A few months before the Atlanta Games began, an informal survey
revealed that sportswriters would like to see only one sport
added to the Olympics. That sport, of course, was golf, the one
event that every writer knows he could cover without having to
leave his seat in front of the TV in the press center.
This is an article from the Aug. 2, 1996 issue
While the addition of golf would make the U.S. media happy, it
would cause countless problems for Olympic planners, who would
have to find room in the athletes' village for Greg Norman's
The truth is, the Games don't need golf or any other new sport.
The Games are already a sprawling mess of buses, tickets and
coxless-pairs preliminaries. The Atlanta Olympics are, in fact,
being held in 13 cities, four states and the District of
Columbia. The daily list of events is longer than a James
Michener novel, and the transportation schedule is more complex
than the U.S. tax code.
The Games need fewer games, not more. For our friends in Sydney,
who will host this insanity four years from now, may we suggest
dumping the following.
Beach Volleyball. Let me get this straight: Two barefoot
lifeguards with sunburned noses beat two other barefoot
lifeguards, and they get the same gold medals that Michael
Johnson gets? I've got a better idea: Instead of giving the
winners medals, let's give them real jobs.
Badminton. The elimination of this sport, I admit, is just a
case of sour grapes. At Fourth of July cookouts I was never much
of a badminton player, so I don't believe the game belongs in
the Olympics. (Now, if they made Jarts an Olympic event, this
reporter would be wearing the gold.)
Yachting. Al Mitchell, the coach of the U.S. boxing team, has
accused NBC of racism because the network has ignored his sport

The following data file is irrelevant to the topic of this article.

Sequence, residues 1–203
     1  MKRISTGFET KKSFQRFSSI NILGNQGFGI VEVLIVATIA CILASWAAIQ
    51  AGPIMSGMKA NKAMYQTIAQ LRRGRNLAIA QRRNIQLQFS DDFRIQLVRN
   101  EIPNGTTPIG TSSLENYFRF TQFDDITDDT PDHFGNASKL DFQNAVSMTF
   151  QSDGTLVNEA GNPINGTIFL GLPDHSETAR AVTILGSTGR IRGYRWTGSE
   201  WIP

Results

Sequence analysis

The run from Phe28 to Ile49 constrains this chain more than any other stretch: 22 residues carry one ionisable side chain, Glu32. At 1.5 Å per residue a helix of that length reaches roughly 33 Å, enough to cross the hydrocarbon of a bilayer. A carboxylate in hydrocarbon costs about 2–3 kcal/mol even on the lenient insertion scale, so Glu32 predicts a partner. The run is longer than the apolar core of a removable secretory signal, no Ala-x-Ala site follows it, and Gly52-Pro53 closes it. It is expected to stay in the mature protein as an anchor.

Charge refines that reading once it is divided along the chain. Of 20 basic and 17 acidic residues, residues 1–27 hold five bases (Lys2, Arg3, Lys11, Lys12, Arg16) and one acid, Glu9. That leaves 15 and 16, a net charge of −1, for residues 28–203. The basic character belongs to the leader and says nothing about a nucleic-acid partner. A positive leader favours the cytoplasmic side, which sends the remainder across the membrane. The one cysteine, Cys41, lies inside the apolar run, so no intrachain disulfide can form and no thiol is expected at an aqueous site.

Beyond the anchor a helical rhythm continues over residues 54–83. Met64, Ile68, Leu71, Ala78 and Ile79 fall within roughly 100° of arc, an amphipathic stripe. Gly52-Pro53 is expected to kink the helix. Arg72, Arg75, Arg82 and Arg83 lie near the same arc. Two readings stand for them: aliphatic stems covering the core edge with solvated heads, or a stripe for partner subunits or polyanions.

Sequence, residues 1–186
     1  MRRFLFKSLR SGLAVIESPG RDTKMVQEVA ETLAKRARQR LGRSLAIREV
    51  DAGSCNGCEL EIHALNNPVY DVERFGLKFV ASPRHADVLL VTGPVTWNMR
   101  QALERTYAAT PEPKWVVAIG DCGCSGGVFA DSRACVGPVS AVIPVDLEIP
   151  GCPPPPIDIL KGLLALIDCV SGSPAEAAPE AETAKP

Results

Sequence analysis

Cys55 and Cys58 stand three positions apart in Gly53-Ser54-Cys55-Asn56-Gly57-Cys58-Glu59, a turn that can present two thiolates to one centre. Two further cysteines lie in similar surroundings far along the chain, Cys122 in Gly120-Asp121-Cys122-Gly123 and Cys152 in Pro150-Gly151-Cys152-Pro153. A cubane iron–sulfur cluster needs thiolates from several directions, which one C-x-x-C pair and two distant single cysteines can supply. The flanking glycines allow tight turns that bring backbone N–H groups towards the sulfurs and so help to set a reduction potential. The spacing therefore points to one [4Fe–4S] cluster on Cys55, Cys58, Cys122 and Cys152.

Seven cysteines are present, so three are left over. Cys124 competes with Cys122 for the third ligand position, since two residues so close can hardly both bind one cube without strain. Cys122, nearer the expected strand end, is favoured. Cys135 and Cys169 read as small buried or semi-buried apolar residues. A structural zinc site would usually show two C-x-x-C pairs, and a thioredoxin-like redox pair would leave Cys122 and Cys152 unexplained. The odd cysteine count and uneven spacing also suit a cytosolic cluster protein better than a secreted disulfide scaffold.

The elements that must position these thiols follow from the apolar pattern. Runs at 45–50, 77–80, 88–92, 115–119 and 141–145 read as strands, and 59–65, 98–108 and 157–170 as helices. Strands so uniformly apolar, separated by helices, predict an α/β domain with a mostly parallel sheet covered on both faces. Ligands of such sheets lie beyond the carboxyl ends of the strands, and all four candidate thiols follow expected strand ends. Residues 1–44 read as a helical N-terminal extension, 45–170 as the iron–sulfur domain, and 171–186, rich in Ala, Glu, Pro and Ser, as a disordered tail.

in its prime-time coverage, and I agree wholeheartedly. I mean,
I would like to watch some of the basketball and track, but
every time I tune in, what do I see? Yachting, yachting and more
Equestrian. Next time you are asked to make a charitable
donation to your country's Olympic effort, ask yourself: Without
your money, how will Buffy be able to afford a new saddle?
Men's Field Hockey. The U.S. team lost all seven of its games in
Atlanta and extended its Olympic winless streak to 29 games, and
we all know what that means: The rest of the world is on steroids!
Team Handball. How dull is this game? Well, of the 33 sports in
these Olympics, team handball is the only one at which President
Clinton has not yet shown up for a cheap photo op.
Table Tennis. I'm actually going to give these superbly
conditioned athletes a chance to save themselves. All they have
to do is refer to their sport by its proper name. As far as I'm
concerned, if the greatest player of all time, Mr. F. Gump,
calls it Ping-Pong, then the name of the game is Ping-Pong.
Gymnastics. I truly love listening to the great John Tesh, but
for that I don't need the Olympics. I've got all his albums.
Shooting. Here is proof that you could stamp five rings on two
frogs mating and the public would line up for tickets: Nearly
5,000 spectators watched the shotgun competition on Saturday.
And five years from now, 100,000 people will claim they were
Diving. I read that one diver said he practiced six hours a day
in preparation for the Olympics. Think about that for a moment:
Six hours a day of boing, flip, splash; boing, flip, splash. And
they say sportswriting is a meaningless vocation.
Archery. The other day Jim Easton, a U.S. representative of the
IOC and the president of FITA (archery's international governing
body): "It's really not that boring." There has been talk of
eliminating bows and arrows from the Olympics, but Easton, to
his credit, has not taken the suggestion lying down. He recently
met with a broadcasting official in an effort to save his sport.
"At one point I jokingly suggested we have archers line up on
both sides," Easton said, "and the last one standing would be
Now, that would be a sport worth watching.